A month later, no relief from coronavirus crisis
Yesterday, marked 30 days since the first case of coronavirus was confirmed in Kenya, sending shockwaves across the socio-economic sector.
The initial measures rolled by the Health ministry were simple. They included, hand-washing and personal hygiene as well as social distancing.
But more importantly, each one of us had responsibility in stopping the spread of the virus that has thrown the entire world into a spin.
And as Kenyans tried to come to terms with the reality of abandoning what they have always done and how they have lived and related with and to each other, the figures kept soaring.
This called for more stringent measures to deal with an invisible enemy. The big question has been how to survive the slow down of economic activities and resultant job losses and shut downs.
In a nutshell, beyond the threat of the disease, the biggest anxiety has been the economy, which was already in recession and saddled by the heavy debt.
A month later, the virus is not only devastating the economy but also turning lives upside down.
To survive this pandemic with no known cure, Kenyans must put their heads together and walk in one accord to self-preserve and ensure there is a country left after the pandemic.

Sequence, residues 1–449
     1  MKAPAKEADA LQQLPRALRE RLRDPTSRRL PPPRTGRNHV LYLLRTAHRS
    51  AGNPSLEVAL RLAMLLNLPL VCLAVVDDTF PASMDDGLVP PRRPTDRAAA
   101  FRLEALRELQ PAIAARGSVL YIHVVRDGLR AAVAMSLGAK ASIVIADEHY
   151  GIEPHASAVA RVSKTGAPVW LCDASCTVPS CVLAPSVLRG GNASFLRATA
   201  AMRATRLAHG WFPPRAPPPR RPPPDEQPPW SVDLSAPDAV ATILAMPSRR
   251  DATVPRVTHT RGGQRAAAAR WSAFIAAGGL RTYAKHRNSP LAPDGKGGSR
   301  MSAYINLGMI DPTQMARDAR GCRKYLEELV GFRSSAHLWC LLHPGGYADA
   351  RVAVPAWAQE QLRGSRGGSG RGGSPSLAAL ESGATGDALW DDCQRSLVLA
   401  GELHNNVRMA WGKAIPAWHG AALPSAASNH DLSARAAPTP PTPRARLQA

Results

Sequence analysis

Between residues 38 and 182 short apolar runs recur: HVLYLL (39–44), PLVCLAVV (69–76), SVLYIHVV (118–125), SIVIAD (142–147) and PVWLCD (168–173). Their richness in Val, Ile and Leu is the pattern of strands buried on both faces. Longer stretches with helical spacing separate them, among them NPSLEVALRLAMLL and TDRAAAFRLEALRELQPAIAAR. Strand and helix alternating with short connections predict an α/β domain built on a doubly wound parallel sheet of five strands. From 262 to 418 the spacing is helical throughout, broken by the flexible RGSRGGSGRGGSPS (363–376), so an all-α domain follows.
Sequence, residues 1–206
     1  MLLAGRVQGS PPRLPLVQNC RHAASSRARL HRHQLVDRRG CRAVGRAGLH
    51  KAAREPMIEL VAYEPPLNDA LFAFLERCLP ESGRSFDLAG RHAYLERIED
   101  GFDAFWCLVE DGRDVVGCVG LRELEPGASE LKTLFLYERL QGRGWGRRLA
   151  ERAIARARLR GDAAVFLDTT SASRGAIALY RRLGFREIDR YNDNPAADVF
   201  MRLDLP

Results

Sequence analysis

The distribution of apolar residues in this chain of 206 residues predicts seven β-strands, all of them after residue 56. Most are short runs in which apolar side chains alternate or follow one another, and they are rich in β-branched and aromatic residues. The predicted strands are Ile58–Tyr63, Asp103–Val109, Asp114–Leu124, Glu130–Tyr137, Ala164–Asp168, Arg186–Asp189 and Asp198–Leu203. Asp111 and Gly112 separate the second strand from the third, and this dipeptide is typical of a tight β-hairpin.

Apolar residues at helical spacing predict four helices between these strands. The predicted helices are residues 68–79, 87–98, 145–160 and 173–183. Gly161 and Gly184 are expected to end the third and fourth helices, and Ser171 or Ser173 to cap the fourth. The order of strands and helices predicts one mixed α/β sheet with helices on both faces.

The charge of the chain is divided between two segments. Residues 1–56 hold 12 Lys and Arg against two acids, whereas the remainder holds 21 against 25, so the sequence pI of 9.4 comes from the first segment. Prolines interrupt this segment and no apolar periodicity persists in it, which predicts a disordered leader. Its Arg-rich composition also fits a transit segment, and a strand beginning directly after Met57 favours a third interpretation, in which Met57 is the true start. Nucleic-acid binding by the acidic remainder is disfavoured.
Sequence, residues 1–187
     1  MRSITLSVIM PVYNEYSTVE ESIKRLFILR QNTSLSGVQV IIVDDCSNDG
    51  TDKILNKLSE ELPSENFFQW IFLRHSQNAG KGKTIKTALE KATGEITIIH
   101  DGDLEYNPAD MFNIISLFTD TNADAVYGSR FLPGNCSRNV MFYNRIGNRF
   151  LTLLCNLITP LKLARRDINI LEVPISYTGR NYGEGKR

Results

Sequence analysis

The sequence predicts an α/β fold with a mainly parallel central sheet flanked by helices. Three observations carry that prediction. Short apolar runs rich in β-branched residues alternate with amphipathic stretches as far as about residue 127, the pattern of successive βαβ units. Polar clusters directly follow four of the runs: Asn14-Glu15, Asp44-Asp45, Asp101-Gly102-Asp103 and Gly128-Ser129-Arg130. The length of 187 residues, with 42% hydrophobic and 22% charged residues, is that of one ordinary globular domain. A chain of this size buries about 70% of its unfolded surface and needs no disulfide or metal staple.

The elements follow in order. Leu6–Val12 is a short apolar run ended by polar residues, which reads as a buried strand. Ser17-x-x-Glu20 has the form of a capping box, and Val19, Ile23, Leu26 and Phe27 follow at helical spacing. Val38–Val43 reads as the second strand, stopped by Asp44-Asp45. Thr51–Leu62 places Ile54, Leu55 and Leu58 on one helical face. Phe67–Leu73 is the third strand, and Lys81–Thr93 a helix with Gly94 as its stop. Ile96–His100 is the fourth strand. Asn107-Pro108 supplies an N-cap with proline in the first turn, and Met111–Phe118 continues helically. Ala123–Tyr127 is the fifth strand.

This calls for a well laid out government plan with predictable and executable structures.
But above all, a responsive, responsible and focused citizenry that is ready to adhere to the guidelines to tame the spread of Covid-19.
So far, there has been commendable adherence by the majority of Kenyans, who despite living from hand to mouth, have sacrificed and walked in solidarity to defeat the virus.
But some Kenyans with impervious attitudes have continued with their business as usual lifestyle, thus imperilling the lives of others.
But the government should pay attention to the vulnerable through various measures, including stimulus packages and food security.
It should also seek to make basic needs such as water, power and fuel available and affordable.
Having rolled out a raft measures meant to cushion people against job losses and certainty by ordering the National Treasury to implement various reliefs to increase disposable incomes, the President should now consider expanding the safety nets such as cash transfers to the elderly and poor households, especially in the informal settlements in urban areas.